3. Hire a third-party research and investigative company to collect data, oversee dispatch and on-call occurrences, and review all mental health and poverty-related incidents that DRPS responds to. In addition to this research the third-parties shall implement on-going oversight for all dispatch calls made and deemed to be within DRPS’ jurisdiction. [See Note 3].
  4. The immediate assembly of certified mental health and crisis intervention practitioner teams that are hired by, and report directly to, the Regional Municipality of Durham. These teams are to be a part of the dispatch triage system used by 911 operators to better match responding personnel to situations and emergency calls made by the community. They will become part of the Durham Region Police’s mental health response unit as a primary response team. [See Note 4].
  5. For any public entity and service funded by the Regional Municipality of Durham and the corresponding 7 municipalities within the Region, mandatory annual anti-Black racism, anti-Indigenous racism and intersectional harm-reduction training must be included as a condition of funding. These trainings must be sector-specific, community-specific, and include an employee audit for minority, marginalized, and equity-seeking groups both within the entity’s employ AND the Region and municipalities’ employ. [See Note 5].
  6. Immediate public disclosure of the existence and balances of any police settlement/brutality settlement/police peace bonds used by the Durham Regional Police Service. [See Note 6].

These demands and calls to action are an ongoing and ever-evolving culmination of the numerous community needs within the Durham Region as they pertain to anti-Black, anti-Indigenous, and systemic racism. 

In signing this petition you demonstrate your support, allyship, and solidarity to these demands and calls to action for our local government officials and public services.

We thank you for your support.

Durham Black Accountability Coalition 



  1. Let’s draw some local parallels; Hamilton’s police force is considering a 20% cut to their $171 million budget, which would divert $34.3 million to community initiatives. In contrast, Toronto is considering a 10% cut that would allot $122 million to these programs. Note that Toronto and Hamilton were used as examples because of both relative population and proximity.
  2. https://www.durham.ca/en/resources/2020-Summary-Durham-Region-Approved-Business-Plans-and-Property-Tax-Supported-Budgets.pdf It is important that DRPS provides to the Region proof of investing public funds and tax dollars.Into categories that they proposed and used in their request for funding. For example, should DRPS request $20 million for additional anti-Black racism training, the provider of said training should provide both a quote and receipt that is provided to the Region for public disclosure. If the citizens and taxpayers of the Durham Region are paying ~30.7% of their property tax into the Durham Region Police Service, they should also be able to see where that money is going and proof that it was indeed used how it was originally allotted.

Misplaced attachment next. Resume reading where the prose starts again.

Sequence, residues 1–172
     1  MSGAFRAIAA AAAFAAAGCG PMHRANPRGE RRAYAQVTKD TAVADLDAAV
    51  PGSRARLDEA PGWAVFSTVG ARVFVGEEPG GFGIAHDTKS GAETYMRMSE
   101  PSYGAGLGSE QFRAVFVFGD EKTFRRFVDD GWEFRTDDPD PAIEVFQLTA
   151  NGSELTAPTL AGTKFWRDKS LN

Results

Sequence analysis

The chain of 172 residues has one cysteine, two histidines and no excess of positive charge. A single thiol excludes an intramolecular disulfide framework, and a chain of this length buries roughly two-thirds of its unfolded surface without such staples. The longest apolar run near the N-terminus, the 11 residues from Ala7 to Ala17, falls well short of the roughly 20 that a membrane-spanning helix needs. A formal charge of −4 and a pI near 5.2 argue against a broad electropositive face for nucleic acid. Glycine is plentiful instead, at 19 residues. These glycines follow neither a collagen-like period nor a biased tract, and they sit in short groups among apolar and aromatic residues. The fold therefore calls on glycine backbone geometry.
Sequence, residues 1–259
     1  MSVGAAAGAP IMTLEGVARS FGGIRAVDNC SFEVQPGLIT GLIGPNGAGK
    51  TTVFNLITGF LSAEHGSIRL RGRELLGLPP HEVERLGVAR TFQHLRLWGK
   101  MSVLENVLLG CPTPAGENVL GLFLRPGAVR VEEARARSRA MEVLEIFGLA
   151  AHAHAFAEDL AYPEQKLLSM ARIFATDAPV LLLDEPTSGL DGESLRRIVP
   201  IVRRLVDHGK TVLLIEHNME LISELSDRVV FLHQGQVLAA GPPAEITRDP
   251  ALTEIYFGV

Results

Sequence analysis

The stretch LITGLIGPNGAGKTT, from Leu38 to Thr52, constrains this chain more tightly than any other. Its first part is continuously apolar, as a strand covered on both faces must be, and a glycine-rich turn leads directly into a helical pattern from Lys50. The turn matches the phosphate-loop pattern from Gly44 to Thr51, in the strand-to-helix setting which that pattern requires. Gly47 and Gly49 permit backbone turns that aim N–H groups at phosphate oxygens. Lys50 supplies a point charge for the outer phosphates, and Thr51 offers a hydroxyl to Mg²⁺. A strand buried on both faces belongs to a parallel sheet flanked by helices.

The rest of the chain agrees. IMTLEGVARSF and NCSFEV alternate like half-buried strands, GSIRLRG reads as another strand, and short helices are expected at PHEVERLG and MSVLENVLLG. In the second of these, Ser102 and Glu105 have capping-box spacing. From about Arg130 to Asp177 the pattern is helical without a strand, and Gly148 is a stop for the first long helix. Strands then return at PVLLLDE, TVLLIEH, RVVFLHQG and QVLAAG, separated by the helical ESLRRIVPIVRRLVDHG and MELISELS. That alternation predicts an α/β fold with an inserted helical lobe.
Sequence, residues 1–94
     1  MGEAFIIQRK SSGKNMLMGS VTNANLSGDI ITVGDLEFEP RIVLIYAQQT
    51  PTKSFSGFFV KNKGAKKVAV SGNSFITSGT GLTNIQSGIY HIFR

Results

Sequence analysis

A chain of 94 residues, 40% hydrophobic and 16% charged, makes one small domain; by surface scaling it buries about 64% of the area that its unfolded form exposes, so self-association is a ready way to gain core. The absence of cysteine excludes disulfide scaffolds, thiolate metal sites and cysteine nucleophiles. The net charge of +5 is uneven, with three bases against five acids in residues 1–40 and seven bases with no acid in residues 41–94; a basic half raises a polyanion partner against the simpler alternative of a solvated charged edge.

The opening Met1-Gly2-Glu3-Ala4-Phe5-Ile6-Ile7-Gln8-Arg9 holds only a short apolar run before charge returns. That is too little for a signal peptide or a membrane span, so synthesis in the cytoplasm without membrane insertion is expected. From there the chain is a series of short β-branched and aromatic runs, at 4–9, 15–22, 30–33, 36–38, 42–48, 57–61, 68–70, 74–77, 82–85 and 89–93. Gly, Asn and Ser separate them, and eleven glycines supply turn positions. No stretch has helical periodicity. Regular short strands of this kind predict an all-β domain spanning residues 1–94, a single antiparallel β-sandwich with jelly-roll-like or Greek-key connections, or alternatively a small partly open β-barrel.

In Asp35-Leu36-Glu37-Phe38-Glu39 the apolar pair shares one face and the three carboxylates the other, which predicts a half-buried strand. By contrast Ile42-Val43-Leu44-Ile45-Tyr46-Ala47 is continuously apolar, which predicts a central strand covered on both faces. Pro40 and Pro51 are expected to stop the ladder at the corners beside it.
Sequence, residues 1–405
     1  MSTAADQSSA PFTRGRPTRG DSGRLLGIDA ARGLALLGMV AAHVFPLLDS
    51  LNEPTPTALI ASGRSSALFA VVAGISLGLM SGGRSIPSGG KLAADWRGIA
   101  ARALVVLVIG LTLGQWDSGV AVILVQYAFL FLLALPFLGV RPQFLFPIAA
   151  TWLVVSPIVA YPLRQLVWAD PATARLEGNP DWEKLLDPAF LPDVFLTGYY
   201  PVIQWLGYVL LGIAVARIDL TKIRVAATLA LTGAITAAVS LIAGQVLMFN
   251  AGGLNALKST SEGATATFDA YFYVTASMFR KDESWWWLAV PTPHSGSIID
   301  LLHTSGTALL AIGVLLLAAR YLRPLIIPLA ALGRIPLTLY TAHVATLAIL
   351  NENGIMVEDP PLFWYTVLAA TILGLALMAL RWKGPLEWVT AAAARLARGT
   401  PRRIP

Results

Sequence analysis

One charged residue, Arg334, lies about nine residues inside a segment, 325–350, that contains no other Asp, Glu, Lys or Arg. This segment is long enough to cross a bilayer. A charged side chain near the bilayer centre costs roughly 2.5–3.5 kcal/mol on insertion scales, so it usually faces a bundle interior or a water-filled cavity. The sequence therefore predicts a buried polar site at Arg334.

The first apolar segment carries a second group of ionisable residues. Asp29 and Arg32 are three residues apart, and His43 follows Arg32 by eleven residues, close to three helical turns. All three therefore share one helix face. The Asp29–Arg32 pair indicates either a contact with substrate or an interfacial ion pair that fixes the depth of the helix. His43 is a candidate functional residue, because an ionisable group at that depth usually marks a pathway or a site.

3. https://www.durhamradionews.com/archives/113172 - Again, due to the lack of concentrated data on mental health and poverty related calls in DRPS, the only research available is that of independent research studies. Which indicates that, in 2018,  35% of calls made to DRPS were mental health crises. And based on public dissemination of evidence, that depicts police violently responding to an alleged wellness check.The public need for this research, data collection and on-going oversight is clear and long overdo.  https://www.youtube.com/watch?v=vAgb9Uiabms
  4. Mental health related calls rising in Durham + https://members.drps.ca/internet_explorer/our_organization/unit.asp?ID=78&Scope=Unit
  5. This will require the creation of a specific commission/entity that will oversee anti-Black racism and anti-Indigenous racism in the Region and 7 municipalities across all major sectors. These sectors will be required to have this training, and the implementation, monitoring, and measurement of success will be the commission’s responsibility.
  6. Police Brutality Bonds + https://www.ctvnews.ca/canada/outrage-and-calls-to-defund-police-in-canada-1.4974625 The American police forces operate with separate pools of financial resources that are overseen by their commercial bank and hedge fund partners to settle their police brutality lawsuits.